Skip to main content

Shrimp genetics centre breaks new ground for Ecuador

Claudio Cerda, hatchery general manager; Carlos Miranda Illingworth, general manager Skretting Ecuador; Ivan Ontaneda Berru, trade minister; and Datzania Villao Burgos, Santa Elena governor. Photo: Hendrix Genetics
Claudio Cerda, hatchery general manager; Carlos Miranda Illingworth, general manager Skretting Ecuador; Ivan Ontaneda Berru, trade minister; and Datzania Villao Burgos, Santa Elena governor. Photo: Hendrix Genetics

Hendrix Genetics has begun construction of a shrimp genetics centre in Ecuador that aims to produce shrimp with increased resistance to local diseases.

In partnership with aquaculture feed manufacturer Skretting and shrimp producer Ecuacultivos, Hendrix will start a breeding programme with specially selected, disease-free shrimp from the Ecuacultivos farms.

The three partners took over the existing Macrobio hatchery to start post larvae production of Pacific whiteleg shrimp in February 2019, with a focus on advanced breeding technologies.

Natural next step

Construction of the new genetics centre, in Ayangue, Santa Elena province, is seen as the ‘natural next step’ in the development of a strong and sustainable Ecuadorian shrimp sector, said Hendrix.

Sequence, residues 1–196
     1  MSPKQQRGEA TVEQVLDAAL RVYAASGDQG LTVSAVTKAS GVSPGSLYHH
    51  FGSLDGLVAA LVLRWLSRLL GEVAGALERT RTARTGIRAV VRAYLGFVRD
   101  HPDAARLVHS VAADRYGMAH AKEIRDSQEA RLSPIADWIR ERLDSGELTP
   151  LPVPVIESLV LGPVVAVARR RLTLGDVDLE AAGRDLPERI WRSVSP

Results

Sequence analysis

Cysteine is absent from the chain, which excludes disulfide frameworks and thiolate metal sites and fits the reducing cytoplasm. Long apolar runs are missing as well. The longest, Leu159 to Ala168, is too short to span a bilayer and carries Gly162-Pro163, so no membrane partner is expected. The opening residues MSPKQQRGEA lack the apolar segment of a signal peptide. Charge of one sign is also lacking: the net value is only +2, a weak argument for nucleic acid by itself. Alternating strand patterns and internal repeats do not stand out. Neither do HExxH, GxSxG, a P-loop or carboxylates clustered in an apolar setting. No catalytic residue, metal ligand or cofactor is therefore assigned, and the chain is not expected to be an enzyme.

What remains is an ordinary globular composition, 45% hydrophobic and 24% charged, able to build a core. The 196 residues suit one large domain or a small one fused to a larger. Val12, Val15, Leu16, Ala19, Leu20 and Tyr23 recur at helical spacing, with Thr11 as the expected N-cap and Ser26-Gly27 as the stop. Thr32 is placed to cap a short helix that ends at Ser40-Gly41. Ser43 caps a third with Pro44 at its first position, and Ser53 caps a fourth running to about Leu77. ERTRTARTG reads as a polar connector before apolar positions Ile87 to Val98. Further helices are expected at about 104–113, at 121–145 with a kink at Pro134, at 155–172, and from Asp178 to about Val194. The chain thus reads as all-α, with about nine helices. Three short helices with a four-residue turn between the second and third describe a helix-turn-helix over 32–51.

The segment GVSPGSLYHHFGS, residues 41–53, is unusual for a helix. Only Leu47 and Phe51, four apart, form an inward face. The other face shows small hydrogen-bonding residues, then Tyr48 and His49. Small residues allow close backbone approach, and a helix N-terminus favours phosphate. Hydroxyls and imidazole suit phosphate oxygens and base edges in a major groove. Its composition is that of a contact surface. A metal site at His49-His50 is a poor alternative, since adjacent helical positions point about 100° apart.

It will take place in two phases and will include a genetic building, holding the nauplii until 12 days post-larvae (with physiological development completed), as well as a series of different ponds to maintain the shrimp until broodstock size.

The centre brings the total investment of the three partners to close to US $25 million.

Skretting Ecuador general manager Carlos Miranda Illingworth said: ‘We are working together to make the shrimp sector in Ecuador more competitive, but above all, more sustainable for the future.

Quality nutrition

‘High quality nutrition, farm management and shrimp genetics are basic conditions to accomplish that.’

Skretting announced earlier this month that it is investing US $6.1 million in a shrimp research facility in Ecuador to complement the Skretting Aquaculture Research Centre (ARC) network.

‘We are serious about our commitment to drive the Ecuadorian shrimp industry further and help our clients deliver to the most demanding global shrimp markets,’ said Illingworth.